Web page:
Re: MathML and PDF files

David Moore

Thank you so very much. I will read this right now. Have a great one.

Sent: Wednesday, January 6, 2016 5:43 PM
Subject: Re: MathML and PDF files

Keep looking. Here’s an example of a blind person who has made a career of mathematics:


From: David Moore [mailto:jesusloves1966@...]
Sent: Wednesday, January 06, 2016 5:07 PM
Subject: Re: MathML and PDF files


Hi Brian,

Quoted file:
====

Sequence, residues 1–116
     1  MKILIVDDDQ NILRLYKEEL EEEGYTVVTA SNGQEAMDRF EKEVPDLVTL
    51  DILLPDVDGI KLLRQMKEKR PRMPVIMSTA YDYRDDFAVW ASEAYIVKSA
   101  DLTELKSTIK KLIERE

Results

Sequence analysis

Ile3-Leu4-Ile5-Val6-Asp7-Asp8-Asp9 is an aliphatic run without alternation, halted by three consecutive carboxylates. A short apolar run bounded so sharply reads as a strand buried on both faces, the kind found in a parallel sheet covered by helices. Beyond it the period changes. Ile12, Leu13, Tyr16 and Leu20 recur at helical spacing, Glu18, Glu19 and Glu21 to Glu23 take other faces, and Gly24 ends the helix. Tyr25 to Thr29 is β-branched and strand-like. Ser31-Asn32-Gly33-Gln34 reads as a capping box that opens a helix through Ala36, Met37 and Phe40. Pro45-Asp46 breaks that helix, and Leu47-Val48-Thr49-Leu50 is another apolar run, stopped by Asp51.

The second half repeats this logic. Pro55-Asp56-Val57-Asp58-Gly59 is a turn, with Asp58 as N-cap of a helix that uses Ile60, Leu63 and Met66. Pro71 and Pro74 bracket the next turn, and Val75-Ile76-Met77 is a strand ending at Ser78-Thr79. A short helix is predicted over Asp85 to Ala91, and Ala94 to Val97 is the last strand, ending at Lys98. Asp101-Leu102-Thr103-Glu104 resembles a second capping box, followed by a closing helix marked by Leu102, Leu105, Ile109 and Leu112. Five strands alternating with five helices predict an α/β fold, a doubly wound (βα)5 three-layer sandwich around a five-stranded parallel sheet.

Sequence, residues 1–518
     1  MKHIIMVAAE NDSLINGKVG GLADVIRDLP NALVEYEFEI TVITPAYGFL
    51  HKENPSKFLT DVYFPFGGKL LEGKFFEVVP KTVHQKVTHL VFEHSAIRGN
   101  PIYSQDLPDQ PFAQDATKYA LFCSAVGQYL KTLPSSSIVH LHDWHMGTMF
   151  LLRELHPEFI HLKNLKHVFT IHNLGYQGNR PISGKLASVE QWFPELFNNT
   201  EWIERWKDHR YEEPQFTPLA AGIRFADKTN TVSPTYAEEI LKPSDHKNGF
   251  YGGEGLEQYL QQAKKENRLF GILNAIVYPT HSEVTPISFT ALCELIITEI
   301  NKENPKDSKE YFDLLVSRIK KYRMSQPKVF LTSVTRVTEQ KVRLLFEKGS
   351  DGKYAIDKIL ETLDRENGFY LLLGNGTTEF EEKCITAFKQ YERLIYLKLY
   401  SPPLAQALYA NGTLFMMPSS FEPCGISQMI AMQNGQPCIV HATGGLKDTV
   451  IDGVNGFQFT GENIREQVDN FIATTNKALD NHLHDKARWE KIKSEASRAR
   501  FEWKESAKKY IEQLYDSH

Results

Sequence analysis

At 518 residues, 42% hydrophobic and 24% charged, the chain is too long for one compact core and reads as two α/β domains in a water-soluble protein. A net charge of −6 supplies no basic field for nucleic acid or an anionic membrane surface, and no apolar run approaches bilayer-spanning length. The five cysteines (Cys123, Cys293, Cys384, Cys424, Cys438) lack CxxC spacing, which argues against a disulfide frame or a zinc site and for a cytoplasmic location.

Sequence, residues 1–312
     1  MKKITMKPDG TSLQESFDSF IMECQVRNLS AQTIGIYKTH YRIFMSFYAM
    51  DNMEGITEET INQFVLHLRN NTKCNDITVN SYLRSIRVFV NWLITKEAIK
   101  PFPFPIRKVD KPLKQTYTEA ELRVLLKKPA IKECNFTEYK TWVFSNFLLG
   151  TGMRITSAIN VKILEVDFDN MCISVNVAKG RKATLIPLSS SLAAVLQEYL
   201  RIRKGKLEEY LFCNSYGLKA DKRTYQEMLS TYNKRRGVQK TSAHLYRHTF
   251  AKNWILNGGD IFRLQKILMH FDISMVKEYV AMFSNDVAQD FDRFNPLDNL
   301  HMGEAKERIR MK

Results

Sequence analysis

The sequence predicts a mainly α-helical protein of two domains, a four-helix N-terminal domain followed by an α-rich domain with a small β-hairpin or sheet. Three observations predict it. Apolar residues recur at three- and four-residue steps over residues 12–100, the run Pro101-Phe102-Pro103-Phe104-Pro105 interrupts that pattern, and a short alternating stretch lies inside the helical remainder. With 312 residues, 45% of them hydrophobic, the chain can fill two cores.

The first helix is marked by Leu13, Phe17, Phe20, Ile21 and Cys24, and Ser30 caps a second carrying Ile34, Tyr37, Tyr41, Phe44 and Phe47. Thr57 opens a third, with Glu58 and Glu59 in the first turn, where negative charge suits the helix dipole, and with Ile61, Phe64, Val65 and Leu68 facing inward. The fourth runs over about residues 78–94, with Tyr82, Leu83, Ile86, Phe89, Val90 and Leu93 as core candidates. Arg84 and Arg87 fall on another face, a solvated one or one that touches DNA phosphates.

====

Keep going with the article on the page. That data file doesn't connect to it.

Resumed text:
I did all you suggest to get my BS in mathematics and my MA in mathematics education at The Ohio State University. However, when it came to finding employment, my interviewers would shut down as soon as they saw that I was blind. Having two degrees did not seem to matter to employers. They still saw me as a helpless person who would cost the company lots of money. It is hard to get through college as a blind person, but that was nothing for me compared to finding a job. I never did find a job teaching mathematics. I worked in a call center, but they closed down. Hardly any are accessible with JAWS. I tutor math on my own. I am about to start my own JAWS tutoring and math tutoring free help for fun. There are so many blind people out there who have never turned on a computer. I am far way blessed than they are. I will offer my services for nothing, because there is so much to do just to get the blind using a computer and then learning JAWS. You may want to pass this information to your students to get them ready for employment after they finish school. Actually, the more you have to do things on your own in college, the better off you will be on a job. There is no Office for Disabilities at IBM or large company. The Office for Disabilities helped me so much when it came to getting my course work in electric format and all of that, but when I began looking for a job, it was a different world. Most interviewers have never heard of the term “accessibility.” You have to explain that there is JAWS, but you sure cannot use that word. I had to say something like there is software that will make your computer talk. Just saying that made most interviewers sigh and say, “Oh My!!!” The first question I got was, “How can you teach math being blind when you cannot see it yourself?” I just have to say that getting through college was a breeze compared to sitting before an interviewer when trying to find a job. Take care, Brian. I would love to do what you are doing. Have a great one.